Lonely Planet believes responsible travel can be a force for good. It’s a belief shared by President Barack Obama, the first sitting US president to visit Cambodia, Ethiopia, Kenya, Myanmar and Laos. On his final foreign trip, he spoke to us about how the optimistic, tolerant and engaged young people he has met around the world give him hope for the future.
During my time as president, I have traveled well over a million miles to every corner of the world. These foreign trips have included international summits and bilateral visits that have been fundamental to the progress that we’ve made – strengthening alliances, engaging former adversaries, renewing the global economy, and forging agreements to fight climate change, stop the spread of nuclear weapons, expand commerce, and roll back poverty and disease.
I leave office more convinced than ever before that international cooperation is indispensable. Without regular consultations with foreign leaders, and institutional coordination between the US and our allies and partners, we cannot overcome challenges that recognize no borders. It took dozens of countries working together to stamp out Ebola. It took coordinated pressure and careful diplomacy to reach a peaceful agreement to roll back Iran’s nuclear program. Nearly 200 countries spent years in painstaking negotiations to achieve the Paris Agreement to protect our planet. Every single day, the US works seamlessly with other countries to share information to prevent terrorist attacks, stop human trafficking, break up drug cartels, or combat corruption.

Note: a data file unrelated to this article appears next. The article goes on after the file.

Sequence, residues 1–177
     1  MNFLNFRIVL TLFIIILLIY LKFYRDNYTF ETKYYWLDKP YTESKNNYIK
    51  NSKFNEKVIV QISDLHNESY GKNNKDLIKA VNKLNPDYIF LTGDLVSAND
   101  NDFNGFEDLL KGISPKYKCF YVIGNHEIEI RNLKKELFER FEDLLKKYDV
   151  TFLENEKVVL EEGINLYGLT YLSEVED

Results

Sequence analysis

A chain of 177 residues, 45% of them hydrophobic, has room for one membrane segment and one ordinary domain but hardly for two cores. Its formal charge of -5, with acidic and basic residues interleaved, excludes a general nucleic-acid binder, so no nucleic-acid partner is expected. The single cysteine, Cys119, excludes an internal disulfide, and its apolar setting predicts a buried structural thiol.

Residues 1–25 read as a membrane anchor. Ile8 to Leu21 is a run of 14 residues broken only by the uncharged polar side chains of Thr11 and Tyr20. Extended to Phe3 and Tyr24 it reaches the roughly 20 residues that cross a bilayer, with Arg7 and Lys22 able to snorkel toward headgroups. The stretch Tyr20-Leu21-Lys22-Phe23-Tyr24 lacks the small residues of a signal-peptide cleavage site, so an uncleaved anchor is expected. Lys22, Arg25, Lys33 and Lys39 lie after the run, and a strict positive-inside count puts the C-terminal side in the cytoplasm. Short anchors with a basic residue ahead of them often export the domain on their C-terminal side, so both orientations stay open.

The president takes a group photo with U.S. students at Dillingham Middle School in Alaska. (© Pete Souza / Official White House Photo)
But while this cooperation is essential, I have always believed that our engagements with other countries must not be limited to governments – we also have to engage people around the world. In particular, we must sustain our engagement with young people, who will determine the future long after those of us in positions of power leave the world stage.
Consider the demographics of our world. More than half of human beings are 30 years old or younger. This is even more pronounced in the developing world – that’s where 90 percent of the global population under 30 lives. These young people are living through revolutions in technology that are remaking life on our planet, allowing for unprecedented access to information and connectivity, while also causing enormous disruptions in the global economy. And while the world’s leaders discuss the pressing issues of the day, it is the world’s young people who will determine whether their voices direct the change that is sweeping our world towards greater justice, opportunity, tolerance, and mutual respect.
President Obama watching performers on the tarmac at Julius Nyerere International Airport in Dar es Salaam, Tanzania, July 2, 2013.